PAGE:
The first and last City World Cup of all time will end soon. It’s already clear that it will be the best World Cup of all time. FIFA President Gianni Infantino does not allow himself to be discussed. Strange scenes are playing out in the grandstands, the city is a boulevard of self-portrayals.

The first and last City World Cup will be sold as the best World Cup ever in a matter of days. FIFA President Gianni Infantino, who with his furiously insane speech the day before the opening game drew the world’s attention to the controversial tournament in this psychedelic desert town in the Middle East. The insane city with its illusory worlds is the scene of the great disappearance these days.

With the end of the group phase and the return home of most nations, the fans also disappear. They weren’t in the stadiums for most of the games anyway. There continue to be those who make this tournament even more bizarre than Gianni Infantino promised in his speech. In the round of 16 between the Netherlands and the USA, one block in the upper tier is well filled. It can in good conscience be described as the mood block of Khalifa Stadium. There are mostly people there who understand football as something that nobody understands. The TV cameras can’t catch the block.

When Louis van Gaal’s team once again drowned the game in the sluggishness of wait-and-see dominance, nothing moved in the stands. Only in the mood block, how could it be otherwise?, there’s a lot going on. One in the Elftal jersey is obviously the organizer. He counts down and then it starts: the Mexican wave, the La Ola wave! With great difficulty she overcomes the first curve in the stadium. Then it ends. The man in the Oranje jersey cheers! What a success. But suddenly something happens on the pitch, the USA score out of nowhere. The mood block is over the moon! “USA, USA, USA,” they shout, jumping enthusiastically in their Dutch national team jerseys. Where is the emergency exit here?

At the famous market in Doha, at the Souq Waqif, where many danced and sang after the grandiose World Cup victories of Saudi Arabia or Iran, the mood is no longer World Cup worthy. With Morocco there is only one Arab team left in this Arab tournament. That puts you in a good mood. Many fans from Latin America have already returned home. A few groups of fans move from café to restaurant to souvenir shop. But actually the area is more like a catwalk. Both women and men, dressed in traditional Islamic or Western clothing, strut back and forth dressed up. See and be seen. Maybe you will still be interviewed by one of the TV teams that have continued to place their cameras on the market.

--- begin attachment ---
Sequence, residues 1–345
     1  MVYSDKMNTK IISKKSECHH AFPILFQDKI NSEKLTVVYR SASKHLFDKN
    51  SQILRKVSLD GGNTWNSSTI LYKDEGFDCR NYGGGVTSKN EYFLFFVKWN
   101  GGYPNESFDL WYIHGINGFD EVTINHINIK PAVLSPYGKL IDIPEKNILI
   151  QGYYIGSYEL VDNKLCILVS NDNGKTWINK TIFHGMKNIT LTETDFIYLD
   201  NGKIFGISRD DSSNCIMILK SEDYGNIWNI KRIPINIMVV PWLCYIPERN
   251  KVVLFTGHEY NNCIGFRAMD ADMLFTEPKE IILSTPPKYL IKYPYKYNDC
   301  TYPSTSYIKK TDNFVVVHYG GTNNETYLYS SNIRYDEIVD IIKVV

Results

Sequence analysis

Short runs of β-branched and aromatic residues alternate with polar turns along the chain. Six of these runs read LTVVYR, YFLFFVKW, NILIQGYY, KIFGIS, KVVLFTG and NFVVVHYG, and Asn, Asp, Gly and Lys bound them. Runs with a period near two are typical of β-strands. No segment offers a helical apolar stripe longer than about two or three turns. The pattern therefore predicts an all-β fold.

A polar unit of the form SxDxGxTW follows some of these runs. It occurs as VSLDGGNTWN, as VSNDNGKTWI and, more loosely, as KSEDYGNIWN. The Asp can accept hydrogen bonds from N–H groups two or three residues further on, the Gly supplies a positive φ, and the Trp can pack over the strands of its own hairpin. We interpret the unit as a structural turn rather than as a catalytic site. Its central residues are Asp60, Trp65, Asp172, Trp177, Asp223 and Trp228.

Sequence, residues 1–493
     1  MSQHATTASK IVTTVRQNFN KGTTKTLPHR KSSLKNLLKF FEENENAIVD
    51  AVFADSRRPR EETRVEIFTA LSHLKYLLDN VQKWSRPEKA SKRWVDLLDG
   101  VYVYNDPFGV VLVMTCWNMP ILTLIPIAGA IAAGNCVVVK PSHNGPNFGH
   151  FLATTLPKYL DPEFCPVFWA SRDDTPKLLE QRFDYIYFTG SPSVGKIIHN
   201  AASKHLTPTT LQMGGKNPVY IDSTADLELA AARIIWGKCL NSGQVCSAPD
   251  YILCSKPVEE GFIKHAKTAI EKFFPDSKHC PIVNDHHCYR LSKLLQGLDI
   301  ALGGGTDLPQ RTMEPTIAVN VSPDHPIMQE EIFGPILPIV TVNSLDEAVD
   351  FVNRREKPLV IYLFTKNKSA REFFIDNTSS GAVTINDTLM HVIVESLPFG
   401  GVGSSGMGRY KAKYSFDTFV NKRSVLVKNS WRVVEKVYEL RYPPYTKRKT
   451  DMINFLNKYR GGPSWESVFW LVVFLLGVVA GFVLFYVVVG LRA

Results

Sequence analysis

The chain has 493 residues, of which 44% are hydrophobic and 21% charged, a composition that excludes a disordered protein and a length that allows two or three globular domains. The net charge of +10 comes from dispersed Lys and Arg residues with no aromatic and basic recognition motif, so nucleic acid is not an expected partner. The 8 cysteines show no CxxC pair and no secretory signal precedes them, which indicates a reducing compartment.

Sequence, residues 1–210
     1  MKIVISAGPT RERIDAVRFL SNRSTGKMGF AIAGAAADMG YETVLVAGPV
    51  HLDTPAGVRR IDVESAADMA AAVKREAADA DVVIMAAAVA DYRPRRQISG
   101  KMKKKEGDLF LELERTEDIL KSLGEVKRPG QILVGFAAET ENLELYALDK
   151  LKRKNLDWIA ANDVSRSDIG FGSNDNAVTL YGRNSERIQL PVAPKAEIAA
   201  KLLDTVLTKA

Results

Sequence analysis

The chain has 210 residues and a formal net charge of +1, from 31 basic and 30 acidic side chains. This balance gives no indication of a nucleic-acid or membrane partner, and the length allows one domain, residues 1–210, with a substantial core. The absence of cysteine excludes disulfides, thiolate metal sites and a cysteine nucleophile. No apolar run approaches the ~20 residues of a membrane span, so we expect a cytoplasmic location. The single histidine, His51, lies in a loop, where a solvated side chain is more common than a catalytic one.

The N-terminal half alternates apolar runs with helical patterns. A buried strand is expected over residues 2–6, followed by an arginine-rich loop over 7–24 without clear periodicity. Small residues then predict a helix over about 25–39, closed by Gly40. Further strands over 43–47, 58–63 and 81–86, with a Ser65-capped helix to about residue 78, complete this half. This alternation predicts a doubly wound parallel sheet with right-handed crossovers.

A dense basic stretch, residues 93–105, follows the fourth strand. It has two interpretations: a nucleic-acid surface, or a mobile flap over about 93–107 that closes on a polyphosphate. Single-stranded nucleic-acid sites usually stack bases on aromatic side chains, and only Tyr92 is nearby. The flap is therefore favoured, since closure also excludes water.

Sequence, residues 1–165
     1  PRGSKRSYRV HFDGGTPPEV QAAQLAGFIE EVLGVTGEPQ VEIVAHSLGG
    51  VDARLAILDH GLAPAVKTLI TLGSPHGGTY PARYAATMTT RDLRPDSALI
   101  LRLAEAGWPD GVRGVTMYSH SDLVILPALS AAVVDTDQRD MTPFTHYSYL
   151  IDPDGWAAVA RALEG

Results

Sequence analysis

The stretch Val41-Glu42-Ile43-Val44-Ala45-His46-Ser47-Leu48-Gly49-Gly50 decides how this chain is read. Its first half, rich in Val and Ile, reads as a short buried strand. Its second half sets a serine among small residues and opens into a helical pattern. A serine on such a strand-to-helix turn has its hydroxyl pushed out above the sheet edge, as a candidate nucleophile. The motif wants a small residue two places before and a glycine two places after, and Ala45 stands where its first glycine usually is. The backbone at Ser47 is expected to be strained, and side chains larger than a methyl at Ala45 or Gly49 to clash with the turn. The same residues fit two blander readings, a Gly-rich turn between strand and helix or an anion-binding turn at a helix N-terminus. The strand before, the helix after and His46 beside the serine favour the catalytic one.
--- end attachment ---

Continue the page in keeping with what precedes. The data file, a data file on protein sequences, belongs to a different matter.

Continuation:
There is also a small art museum here. Inside, a man plays an oud, the Arabic lute. Artists paint with oil paint. The Emir Al Thani is a popular motif, as well as traditional wooden merchant ships set against Doha’s modern skyline. Along with the sunset, of course. Paintings of football stars also hang in one corner. A few hours before the round of 16, an artist is busy painting the Japanese leader Wataru Endo. Does she know that he is playing for VfB Stuttgart in the Ländle? A few hours later, the professional and his team were eliminated on penalties against Croatia. It probably doesn’t bother anyone in the museum. It’s not just here in these icy rooms that the World Cup is far away.

The next room is also chilly. A German portrait hangs right next to superstar Cristiano Ronaldo. Thomas Müller, Manuel Neuer or İlkay Gündoğan? No, Toni Kroos, who hasn’t played for the national team since last summer’s European Championship, smiles at the visitors. Subsequent malice for the DFB-Elf? A beaming Neymar also hangs on the wall. Logo. That evening he celebrates a top-class samba party with his team. But where is it, the World Cup mood? After the terrific thrashing of the Brazilians against South Korea, there was a brief celebration around the Stadion 974, mainly for the camera teams, who grabbed the fans who were particularly garishly dressed.

But then people jump into buses, taxis or Uber and roll back to their hotels. After all, it’s midnight here. And where else should they go? There are no points of gathering around the arenas. No cafes. No shisha bars. No restaurants. Parking only, miles away. And expressways. Concrete desert next to the sandy desert. The party mood is then also rather desert.

Meanwhile, locals and expats while away their time in the city’s malls. They love it. Because there’s nothing else worth loving.